I am entering week 3 of isolation, mask wearing, and hibernation. This has never happened to me. The chemo on the 12th was more than difficult. The chemo ate my blood cells and some cancer too! Finally a beginning of a downward trend with my tumor marker. I think my body found the entire allergic reaction and druggy experience unacceptable. I haven’t felt right since then, but found out last Monday that my counts were horrible or non-existent. I was told by my nurses and doc to look for signs of infection. No fever, but be on the look-out for violent shakes and chills. Without any white cells to fight infection, a fever would be unlikely. There was talk of real isolation in the hospital. Luckily I had some private coaching and assured my doc that I would not eat raw fruits and veggies, wear a mask, stay home, and avoid my husband and Alex. Luckily I still have my hearing! I can still hear conversations between my boys, laughter, and even a Skype call where Alex turned his face into a cat with much laughter on both sides. We are all in isolation with Alex going to school and coming home as a potential carrier. He understands the danger. We speak behind doors and use technology of texts and emails. I continue to take shots to boost my counts, but after 8 shots, my count only moved from .03 to .04. You would have thought my counts were normal as the nurses cheered at Hoag that my counts did not fall to zero. After another conversation with my doc, he told me that I can expect to skip chemo next week. We want my counts to be normal because more chemo means more disappearance of my immune system. The unfortunate thing is that my body is in slow motion and fog. It just isn’t working right yet. No reading, no cleaning, no speedy tax prep, just sloth like behavior watching movies or tv and much rest is my routine. So, here I remain in hibernation/isolation. Tomorrow, we will check to see if things are turning around. If I am unable to get chemo, I just have to focus on healing my body. I wish I could say more, but I am out of balance without my immune system. More sleep and dreaming of sunshine in the days to come.

Another allergic reaction…back to UCLA on Weds

February 11, 2014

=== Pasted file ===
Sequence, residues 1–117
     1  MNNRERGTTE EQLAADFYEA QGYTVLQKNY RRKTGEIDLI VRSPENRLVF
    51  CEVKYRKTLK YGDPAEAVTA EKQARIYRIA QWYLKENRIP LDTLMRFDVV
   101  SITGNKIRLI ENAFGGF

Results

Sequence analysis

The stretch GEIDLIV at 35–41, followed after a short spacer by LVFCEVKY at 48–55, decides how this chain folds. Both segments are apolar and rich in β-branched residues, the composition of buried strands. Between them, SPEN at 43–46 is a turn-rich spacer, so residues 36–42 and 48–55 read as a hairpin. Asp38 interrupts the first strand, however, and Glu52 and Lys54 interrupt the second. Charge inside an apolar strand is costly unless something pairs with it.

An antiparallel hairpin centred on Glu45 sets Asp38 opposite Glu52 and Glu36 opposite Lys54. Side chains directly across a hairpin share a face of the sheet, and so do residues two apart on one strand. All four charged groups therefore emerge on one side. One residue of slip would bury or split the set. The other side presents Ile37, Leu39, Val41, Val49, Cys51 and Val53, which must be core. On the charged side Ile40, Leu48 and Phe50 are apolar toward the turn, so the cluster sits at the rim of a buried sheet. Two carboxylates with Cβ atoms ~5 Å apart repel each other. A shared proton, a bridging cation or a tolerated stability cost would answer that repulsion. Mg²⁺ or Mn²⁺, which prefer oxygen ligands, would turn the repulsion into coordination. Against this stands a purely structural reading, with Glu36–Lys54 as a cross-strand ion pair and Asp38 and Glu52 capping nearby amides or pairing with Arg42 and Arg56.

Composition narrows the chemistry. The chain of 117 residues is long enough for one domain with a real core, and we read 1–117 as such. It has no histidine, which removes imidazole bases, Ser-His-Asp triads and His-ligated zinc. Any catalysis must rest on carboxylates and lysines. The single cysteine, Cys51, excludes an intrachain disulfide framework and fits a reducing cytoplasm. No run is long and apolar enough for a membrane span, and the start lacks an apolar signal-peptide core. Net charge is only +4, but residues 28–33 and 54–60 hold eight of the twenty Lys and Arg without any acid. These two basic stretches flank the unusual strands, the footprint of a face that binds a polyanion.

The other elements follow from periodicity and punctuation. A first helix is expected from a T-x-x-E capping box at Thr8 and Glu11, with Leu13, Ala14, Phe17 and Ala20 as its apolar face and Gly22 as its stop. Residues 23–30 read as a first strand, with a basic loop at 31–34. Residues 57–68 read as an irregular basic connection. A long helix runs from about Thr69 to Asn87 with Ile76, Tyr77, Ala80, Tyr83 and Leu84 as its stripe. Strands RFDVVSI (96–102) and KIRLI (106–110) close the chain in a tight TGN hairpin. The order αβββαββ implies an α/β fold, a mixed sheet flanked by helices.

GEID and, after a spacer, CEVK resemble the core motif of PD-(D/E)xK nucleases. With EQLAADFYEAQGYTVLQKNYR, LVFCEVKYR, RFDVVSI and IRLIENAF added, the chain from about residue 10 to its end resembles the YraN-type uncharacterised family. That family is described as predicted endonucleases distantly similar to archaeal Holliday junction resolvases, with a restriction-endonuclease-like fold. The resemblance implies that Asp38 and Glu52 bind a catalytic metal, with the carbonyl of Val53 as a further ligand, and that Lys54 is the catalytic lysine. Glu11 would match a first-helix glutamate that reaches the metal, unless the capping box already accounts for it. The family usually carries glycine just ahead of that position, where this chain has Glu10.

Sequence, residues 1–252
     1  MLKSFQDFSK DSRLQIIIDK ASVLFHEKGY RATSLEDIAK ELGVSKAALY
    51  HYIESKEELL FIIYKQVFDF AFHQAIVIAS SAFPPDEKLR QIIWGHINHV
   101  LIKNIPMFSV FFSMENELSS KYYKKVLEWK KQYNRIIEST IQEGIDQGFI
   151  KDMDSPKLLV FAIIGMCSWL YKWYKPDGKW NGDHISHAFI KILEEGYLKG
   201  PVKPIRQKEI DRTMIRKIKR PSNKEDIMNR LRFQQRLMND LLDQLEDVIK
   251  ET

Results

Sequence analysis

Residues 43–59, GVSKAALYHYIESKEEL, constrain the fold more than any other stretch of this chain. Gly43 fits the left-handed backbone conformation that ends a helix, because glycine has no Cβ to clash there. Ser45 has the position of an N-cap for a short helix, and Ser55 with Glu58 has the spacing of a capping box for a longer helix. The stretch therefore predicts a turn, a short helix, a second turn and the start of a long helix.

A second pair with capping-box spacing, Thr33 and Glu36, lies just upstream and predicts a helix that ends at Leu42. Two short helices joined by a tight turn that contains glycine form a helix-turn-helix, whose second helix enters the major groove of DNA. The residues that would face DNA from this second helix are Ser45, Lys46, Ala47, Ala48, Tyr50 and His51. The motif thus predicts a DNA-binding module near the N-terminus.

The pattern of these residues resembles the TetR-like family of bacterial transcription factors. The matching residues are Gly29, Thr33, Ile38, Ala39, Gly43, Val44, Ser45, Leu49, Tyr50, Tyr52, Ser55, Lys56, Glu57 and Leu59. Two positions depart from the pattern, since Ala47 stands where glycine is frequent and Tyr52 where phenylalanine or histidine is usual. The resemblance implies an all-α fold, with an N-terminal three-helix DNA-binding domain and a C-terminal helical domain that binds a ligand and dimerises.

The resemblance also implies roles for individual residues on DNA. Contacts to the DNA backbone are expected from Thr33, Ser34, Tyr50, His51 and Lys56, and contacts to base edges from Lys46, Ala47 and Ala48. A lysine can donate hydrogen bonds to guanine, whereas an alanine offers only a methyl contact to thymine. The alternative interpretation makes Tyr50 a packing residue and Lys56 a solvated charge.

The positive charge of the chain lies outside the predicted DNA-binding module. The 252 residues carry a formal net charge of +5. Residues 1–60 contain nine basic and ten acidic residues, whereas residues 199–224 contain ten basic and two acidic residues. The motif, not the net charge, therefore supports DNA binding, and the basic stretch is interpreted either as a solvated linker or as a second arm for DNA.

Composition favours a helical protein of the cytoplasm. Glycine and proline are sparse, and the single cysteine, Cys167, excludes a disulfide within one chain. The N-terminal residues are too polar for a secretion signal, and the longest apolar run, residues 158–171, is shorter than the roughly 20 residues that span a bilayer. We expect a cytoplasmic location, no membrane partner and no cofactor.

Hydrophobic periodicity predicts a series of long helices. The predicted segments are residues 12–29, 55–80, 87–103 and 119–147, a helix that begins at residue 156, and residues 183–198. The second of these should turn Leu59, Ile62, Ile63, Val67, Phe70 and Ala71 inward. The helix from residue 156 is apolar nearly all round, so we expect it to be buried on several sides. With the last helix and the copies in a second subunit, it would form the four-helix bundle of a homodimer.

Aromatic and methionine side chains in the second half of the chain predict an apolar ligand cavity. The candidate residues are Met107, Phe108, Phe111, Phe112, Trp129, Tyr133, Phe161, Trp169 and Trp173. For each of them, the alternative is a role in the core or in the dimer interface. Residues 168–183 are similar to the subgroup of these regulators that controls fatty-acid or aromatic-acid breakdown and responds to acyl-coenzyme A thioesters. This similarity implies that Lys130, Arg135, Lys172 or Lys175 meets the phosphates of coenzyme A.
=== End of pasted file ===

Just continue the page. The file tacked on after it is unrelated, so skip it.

I just looked back at my description of my allergic reaction in 2012. This was similar, but worse in many ways. The chemo drug requires 3 L of fluid and the fluid was going in, but not coming out. This was the first problem as my nurse explained that “old people” have this issue. I am a 90 year old in cancer body years.  My stomach was distended which we did not notice until later. It all began with a wave of nausea, so I took a pill for that only thinking that it may help. Then, chest pains began and I called out to my nurse. My mom saw a rash creeping up my neck with splotchy dots the size of dimes on my chest. Mom sent a text to Jim to come too (he was on a call for work). Next thing I know, I had 5 nurses, a call to my doc, push of lasix to get the fluids out, plus steroids and push of benadryl. It was a long 15 minutes, but lasix finally started working. In the bathroom escorted by my nurse and mom, I saw the rash was now descending like a huge blotchy sun burn even on my legs. The chest pain continued and the rash burned, plus a few other issues. Things were not resolving as fast as they should have been. I couldn’t talk, but called out new symptoms while telling my heart to calm down. I was also on oxygen. I love nurses especially my infusion nurses. They worked like a well oiled machine speaking in codes with a responsive rhythm always calm and focused. I kept looking at their faces for answers, but no one was stopping this rhythm until my rash, BP, chest pain resolved. It seemed to be hours, but was about 30 minutes or more. Finally, relief and I could speak and almost smile. My doctor arrived to see me this way and I later told the nurses that I bet he thought we made up the whole story to get his attention since things hardly looked that bad! Then, decisions needed to be made. Do I want to continue this chemo? I looked at the audience of nurses, Jim, and mom who were mostly shaking their heads, “no” and I said that is not what I want to do. Instead, we will try on Weds a drug in the same family with different fun side effects hoping it will work and I won’t be allergic to it. I also have a side problem of having no white blood cells or neutrophils to fight infection. So, I will live in the bubble today. This doesn’t mean I cannot go in the car like a dog with my head out the window. My head is full of fog from all the drug pushes from yesterday. My body aches from the shots to increase my white count, but there is sunshine today. I will find mine. Hope you find yours!